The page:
UM bears some responsibility for the mistreatment and overworking of campus workers

Subcontracted campus workers staged a protest last Tuesday demanding better treatment from ABM Industries, a major employer of the people who help make the University of Miami function. The demonstration is the fifth in just four years.

But if you expected a response to the workers’ demands from UM’s administration, you’d still be waiting. A recurring theme after these protests is that UM stays quiet or redirects complaints to ABM.

UM hires janitorial and groundskeeping staff through ABM, a facility management company with more than 140,000 employees that claims to pride itself on showing respect “for every person, every day.”

Antonio Benton, a Service Employees International Union (SEIU 32 BJ) delegate and ABM employee, said in the recent TMH article covering the April 12 protest that the university has a history of brushing workers off, telling them they “need to resolve these problems with ABM.”

To say the least, that’s unfortunate, because the university has an obligation to put pressure on ABM to meet workers’ demands in order to achieve a safe and reasonable work environment.

The most recent protest was staged by UM’s janitorial staff, SEIU 32 BJ (the union that represents many of them) and members of the University of Miami Employee Student Alliance (UMESA), an unofficial student and worker organization created to fight on behalf of workers at UM. It echoed demands made by protesting workers as far back as November, 2019, for ABM to hire more employees based on the disproportionate distribution of janitorial duties to the number of employees.

As stated by graduate student and UMESA member Mars Fernandez in the TMH article, “when workers leave, they don’t fill the vacancies. So what ends up happening, the same amount of work needs to be done, and managers pressure the workers to do an extra amount of work.”

It is ABM’s responsibility to correct the core structural problem of not employing enough workers or distributing work reasonably, but the university, as the ultimate employer who pays ABM, holds the power to pressure the company to act.

Marlene Trejos, an ABM janitor, detailed her experiences where the dining hall, where many workers eat, has been crowded and pushed them over their allotted thirty minute break for that shift, forcing them to stay late and finish work after their shift is up.

She also explained that when one of her managers tested positive for COVID-19, she was asked to stay home but was not compensated, losing $200.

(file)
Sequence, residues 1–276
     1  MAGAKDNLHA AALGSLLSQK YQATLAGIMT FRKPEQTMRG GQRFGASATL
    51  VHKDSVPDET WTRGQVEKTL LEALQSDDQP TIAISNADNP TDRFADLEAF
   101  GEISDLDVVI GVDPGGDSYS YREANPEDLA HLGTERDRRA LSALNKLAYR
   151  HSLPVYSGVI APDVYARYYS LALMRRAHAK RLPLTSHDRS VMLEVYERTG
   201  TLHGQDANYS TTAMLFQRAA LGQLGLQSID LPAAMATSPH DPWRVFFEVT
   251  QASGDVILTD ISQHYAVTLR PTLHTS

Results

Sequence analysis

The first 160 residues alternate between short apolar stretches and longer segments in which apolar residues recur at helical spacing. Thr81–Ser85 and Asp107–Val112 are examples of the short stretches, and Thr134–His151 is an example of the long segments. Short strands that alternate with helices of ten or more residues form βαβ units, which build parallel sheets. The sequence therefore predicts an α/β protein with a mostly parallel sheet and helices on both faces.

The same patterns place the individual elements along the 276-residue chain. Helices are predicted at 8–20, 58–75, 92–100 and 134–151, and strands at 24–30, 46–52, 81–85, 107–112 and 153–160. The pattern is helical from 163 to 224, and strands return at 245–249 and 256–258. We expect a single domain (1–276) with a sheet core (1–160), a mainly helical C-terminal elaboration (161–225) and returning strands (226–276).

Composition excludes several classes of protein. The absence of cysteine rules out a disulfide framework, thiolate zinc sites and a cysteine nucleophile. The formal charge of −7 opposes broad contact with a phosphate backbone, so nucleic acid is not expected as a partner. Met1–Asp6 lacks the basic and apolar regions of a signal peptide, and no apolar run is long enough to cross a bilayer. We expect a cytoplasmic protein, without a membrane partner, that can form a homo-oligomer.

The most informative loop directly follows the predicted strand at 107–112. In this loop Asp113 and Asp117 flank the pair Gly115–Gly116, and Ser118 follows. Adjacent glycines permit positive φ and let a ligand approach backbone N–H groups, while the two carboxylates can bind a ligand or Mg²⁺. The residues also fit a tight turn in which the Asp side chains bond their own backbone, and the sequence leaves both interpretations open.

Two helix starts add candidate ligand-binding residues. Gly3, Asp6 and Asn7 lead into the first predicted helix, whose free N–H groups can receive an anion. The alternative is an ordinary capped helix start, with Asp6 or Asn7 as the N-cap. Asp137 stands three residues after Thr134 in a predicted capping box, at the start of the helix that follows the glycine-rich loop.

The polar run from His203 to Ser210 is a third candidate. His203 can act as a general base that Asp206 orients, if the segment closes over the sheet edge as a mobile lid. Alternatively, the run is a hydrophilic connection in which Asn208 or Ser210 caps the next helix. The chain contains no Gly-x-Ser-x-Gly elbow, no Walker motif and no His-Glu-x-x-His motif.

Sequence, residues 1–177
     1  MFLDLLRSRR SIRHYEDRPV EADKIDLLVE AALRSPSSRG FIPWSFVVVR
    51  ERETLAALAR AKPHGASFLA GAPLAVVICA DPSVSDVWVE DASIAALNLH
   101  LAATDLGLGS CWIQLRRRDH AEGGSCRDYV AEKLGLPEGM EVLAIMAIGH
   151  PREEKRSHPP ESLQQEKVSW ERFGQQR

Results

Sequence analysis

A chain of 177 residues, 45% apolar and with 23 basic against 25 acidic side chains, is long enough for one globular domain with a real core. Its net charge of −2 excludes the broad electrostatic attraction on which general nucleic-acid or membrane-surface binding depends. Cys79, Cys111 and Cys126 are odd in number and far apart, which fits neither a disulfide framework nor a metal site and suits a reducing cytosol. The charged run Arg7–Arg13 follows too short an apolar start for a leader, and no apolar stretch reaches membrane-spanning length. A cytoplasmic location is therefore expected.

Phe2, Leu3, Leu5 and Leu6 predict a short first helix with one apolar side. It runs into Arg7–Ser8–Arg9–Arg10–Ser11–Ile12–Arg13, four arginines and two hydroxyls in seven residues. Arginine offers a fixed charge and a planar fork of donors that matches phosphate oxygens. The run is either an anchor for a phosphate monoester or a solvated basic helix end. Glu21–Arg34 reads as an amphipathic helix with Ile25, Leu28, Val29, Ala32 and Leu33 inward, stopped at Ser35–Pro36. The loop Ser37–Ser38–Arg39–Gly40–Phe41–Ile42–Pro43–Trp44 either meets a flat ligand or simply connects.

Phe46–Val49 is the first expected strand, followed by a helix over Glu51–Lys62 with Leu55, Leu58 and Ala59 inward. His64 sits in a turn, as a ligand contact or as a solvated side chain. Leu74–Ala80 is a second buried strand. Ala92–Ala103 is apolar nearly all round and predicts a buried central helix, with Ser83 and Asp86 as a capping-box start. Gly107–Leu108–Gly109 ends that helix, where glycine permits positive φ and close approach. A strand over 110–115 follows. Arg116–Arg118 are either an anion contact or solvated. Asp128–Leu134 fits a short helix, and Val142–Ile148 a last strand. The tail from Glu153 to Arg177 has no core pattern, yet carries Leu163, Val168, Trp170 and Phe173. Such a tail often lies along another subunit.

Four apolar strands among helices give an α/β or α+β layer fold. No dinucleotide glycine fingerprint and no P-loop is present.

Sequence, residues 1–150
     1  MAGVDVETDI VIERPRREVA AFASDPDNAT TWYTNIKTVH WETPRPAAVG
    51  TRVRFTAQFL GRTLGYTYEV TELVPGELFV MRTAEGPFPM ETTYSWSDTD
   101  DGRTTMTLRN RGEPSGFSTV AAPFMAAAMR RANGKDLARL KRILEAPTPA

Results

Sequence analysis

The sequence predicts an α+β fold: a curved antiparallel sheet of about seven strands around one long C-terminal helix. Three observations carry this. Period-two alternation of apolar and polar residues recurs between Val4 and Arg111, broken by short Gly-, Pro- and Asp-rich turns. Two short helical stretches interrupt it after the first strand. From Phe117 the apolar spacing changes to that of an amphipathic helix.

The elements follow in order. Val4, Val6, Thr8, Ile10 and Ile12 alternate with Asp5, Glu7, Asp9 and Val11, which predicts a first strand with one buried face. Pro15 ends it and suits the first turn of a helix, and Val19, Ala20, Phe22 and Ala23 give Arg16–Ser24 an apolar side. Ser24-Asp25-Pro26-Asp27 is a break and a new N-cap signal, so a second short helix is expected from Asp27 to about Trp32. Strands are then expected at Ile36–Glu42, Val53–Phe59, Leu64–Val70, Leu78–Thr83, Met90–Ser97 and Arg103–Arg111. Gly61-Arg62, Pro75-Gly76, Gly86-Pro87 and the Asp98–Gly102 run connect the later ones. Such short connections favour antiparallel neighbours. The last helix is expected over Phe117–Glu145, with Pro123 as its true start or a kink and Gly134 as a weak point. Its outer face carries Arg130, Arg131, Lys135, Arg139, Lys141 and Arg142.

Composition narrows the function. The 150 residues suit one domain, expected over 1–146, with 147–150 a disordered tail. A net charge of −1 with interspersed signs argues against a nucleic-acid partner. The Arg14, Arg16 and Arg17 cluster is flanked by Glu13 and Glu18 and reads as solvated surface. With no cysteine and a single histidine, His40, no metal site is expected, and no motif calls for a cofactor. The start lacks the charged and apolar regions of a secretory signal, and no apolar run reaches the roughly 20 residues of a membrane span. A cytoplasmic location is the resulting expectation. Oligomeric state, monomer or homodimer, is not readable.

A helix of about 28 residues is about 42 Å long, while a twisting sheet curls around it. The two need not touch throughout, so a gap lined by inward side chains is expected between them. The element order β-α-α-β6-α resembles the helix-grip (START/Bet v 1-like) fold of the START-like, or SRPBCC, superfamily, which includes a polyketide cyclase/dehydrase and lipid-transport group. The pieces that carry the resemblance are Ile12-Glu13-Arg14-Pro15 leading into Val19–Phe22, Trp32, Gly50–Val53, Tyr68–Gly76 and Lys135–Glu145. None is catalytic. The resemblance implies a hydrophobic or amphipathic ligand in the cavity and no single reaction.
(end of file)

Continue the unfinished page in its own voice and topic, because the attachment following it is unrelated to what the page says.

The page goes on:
“They were not giving me the proper amount of money for my time off, yet I know that the university does give them that money,” said Trejos.

While the university may not be directly employing or managing these staff members, these violations of their rights as workers are occurring on our campus. The administration has the moral obligation to support these essential employees and investigate these structural failings. Without support from administration, subcontracted employees fear for themselves in speaking out.

“The people are bothered and upset but at the same time we are scared,” said Trejos, “We’re scared because if we don’t accept the treatment that they are giving us, then they could potentially fire us.”

No matter who signs their paychecks, employees on our campus should not have to repeatedly protest to be treated with respect. They certainly should not have to fear losing their jobs if they speak out.

Our janitorial, groundskeeping, cafeteria, and other essential staff do physically demanding and strenuous work on a daily basis for our benefit. They keep our campus as functional and visually appealing as it is, something that the university promotes and capitalizes on.

“​​The university talks a lot about a culture of belonging, of Canes Care for Canes,” said Fernandez. “But through the practice of subcontracting out an essential piece of work … they are effectively disenfranchising a whole group of people who are the most exploited workers at the university.”

UM’s track record of supporting subcontracted workers is poor. As well as the November 2019 protest, demonstrations by subcontracted workers and their supporters demanding action from both the university and their employers in June 2020, Sept. 2020 and Feb. 2021 saw little, if any, response from UM and led to no changes from their employers.

Despite a win in protesting for better contracts last spring, workers on our campus still feel that ABM does not respect their rights as employees, and the university staying complacent downplays the extent to which members of our community are being exploited.

Instead of shrugging responsibility, there are things administration, students and faculty could all do to support the university’s subcontracted workers in their fight for what they deserve as workers.

To motivate administration to be vocal, students and faculty need to be vocal. Even when it’s awkward or uncomfortable, we should amplify the voices of members of our community when their basic needs are not being met.

Employees should not have to protest to be given reasonable hours or to be properly compensated for their work, especially not when working somewhere as distinguished as UM.

While the university may not be directly responsible for the mistreatment of these workers, they still have a responsibility to support and protect every member of our community to the fullest of their ability.